Sometimes I don’t feel like writing; and thenâ€¦deus ex machinaâ€¦a good thing comes out of a bad thing.
- It’s a bad thing not to feel like writing.
- It’s a bad thing to have a â€œfriendâ€ who wants every conversation to be about him. That old dumb joke about the ego-centric actor: â€œMe, me, me, me, me, me. Well, enough about me; let’s talk about you. What did YOU think of my performance tonight?â€ That joke was written about my ex-so-called-friend.
- It’s a good thing to dump that â€œfriendâ€ or drift away from him gradually so it doesn’t seem like a dumping and so that I can start having conversations with people who sometimesEveryOnceIn-a-While want to hear about me.
- It’s a good thing to go to a wrap party;
- but it’s a bad thing when the ex-so-called-friend corners me.
- It’s a bad thing when he does the â€œme/me/me/meâ€ routine
- but it’s a really good thing because now I have a topic for this column, whereas–before the party–I didn’t feel like writing.
Friend starts out,
Yeah, we’re so Hollywood that we call everyone â€œBabyâ€ even if we haven’t spoken to them for a year and we are in the Mutual Dislike or at Least Ignore Club.
Fred the Friend continues,
â€œRemember that class we took together? Remember how the teacher hated me?â€
No, actually, I don’t recall it that way. She was a hard taskmaster for everyone. Besides, Fred, it’s been eight years since we took that class together; and I have not been focusing on how Suzy hated you for the past eight years. Actually, Dude, I have had other things to think about.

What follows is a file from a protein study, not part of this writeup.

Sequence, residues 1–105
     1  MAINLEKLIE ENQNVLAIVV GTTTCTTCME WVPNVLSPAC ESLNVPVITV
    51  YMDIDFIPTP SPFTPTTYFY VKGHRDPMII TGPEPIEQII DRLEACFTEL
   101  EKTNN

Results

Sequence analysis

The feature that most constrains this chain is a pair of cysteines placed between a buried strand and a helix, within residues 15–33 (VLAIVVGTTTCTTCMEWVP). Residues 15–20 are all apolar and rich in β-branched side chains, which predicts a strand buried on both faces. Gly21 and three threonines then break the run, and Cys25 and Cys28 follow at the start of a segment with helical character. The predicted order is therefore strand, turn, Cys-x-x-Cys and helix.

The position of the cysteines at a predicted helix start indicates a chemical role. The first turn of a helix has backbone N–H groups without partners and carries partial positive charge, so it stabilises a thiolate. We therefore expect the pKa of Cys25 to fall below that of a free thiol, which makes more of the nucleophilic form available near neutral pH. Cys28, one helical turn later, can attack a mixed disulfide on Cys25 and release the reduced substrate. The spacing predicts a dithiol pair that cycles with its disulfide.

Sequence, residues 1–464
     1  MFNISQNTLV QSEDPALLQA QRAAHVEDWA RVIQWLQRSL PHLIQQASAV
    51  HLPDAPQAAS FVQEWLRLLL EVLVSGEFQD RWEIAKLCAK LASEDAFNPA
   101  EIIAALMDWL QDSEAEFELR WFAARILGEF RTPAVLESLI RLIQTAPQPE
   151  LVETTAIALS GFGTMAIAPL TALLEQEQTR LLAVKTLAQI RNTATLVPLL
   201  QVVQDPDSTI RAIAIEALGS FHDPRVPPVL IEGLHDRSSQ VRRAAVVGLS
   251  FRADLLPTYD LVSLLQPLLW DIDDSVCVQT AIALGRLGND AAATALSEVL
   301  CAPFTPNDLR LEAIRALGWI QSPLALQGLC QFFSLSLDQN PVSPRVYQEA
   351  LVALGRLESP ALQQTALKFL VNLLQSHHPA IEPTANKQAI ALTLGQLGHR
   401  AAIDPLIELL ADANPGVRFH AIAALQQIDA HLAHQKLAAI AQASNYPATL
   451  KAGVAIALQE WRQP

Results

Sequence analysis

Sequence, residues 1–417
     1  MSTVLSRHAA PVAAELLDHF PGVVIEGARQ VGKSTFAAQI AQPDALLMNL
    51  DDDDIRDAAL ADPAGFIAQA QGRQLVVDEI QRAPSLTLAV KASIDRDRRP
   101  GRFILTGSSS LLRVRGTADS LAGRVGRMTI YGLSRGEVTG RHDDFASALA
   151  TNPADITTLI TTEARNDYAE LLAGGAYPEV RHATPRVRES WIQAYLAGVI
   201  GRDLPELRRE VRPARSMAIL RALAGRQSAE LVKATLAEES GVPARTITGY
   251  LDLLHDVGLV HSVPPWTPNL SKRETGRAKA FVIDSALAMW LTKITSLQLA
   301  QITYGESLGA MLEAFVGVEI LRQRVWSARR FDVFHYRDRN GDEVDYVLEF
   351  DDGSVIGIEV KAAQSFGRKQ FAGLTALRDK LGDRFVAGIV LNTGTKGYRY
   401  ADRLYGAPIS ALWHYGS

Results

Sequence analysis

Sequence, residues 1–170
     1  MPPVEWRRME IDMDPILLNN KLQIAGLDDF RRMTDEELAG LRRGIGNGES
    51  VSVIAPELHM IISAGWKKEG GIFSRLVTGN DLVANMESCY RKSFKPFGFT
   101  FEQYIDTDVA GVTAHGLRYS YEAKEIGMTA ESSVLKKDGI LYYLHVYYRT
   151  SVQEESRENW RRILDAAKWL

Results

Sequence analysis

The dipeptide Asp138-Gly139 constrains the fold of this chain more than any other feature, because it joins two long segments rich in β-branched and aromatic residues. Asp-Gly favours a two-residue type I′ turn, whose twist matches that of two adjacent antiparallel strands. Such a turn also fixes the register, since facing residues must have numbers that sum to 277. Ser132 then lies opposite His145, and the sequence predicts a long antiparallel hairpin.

Friend Fred blathers on,
â€œâ€¦that piece I wroteâ€¦Suzy hated meâ€¦that performance I didâ€¦that chick in the class thought I was bzzzz bzzzzâ€¦what was that chick’s name? Shaula. Shaulaâ€¦bzzz bzzz. Shaula was weird.â€
â€œYes, she acted like she thought I was a vampire last time I saw her. She wouldn’t â€¦â€
â€œYou were in a film with her?â€
Jealousy here. Every time I work and Fred doesn’t, he starts to quiz me about how I got the gig, who cast me, bla, bla, bla.
â€œNo, well, yeah. Sort of. I cast her in one of those 48-hour film marathonsâ€¦â€
â€œWas that the Basement CafÃ© television series? I was in that.â€
â€œNo, it was a 48-hour filmâ€¦â€
Fred (you are getting the drift) interrupts. Every conversation must be about him.
â€œDid I ever tell you about that Basement CafÃ©?â€
â€œI was in that, too, remember?â€
(And you’ve only told me about how poorly they treated you, like, maybe, I dunno, 17 times already!)
â€œThey treated me so poorly. They told me they’d write a character for me and then they just cast Samson instead and they told me I couldâ€¦and then I had my brother, my friend the editor, my shrink pay a call on themâ€¦bzzzz, bzzzz. They are so poopy.â€
I zone out because I HAVE heard this story before. Matter of fact, I was on set when it happened; not that Fred would even remember the presence of someone else other than his famous and poorly treated self.
As I edge away in search of more interesting company, Fred dashes to the sofa. Lays full-length, face-down on the back of the sofa, humping the cushions like he’s in some kind of stoner sex-scene.
â€œDid I tell you about this audition I had?â€ he says, pressing his lips into the sofa-back and rocking his hips. â€œThey told me to be sexy. So I humped their couch.â€
He moans and grunts. He can be heard above all the cocktail chatter; but I am no longer paying attention.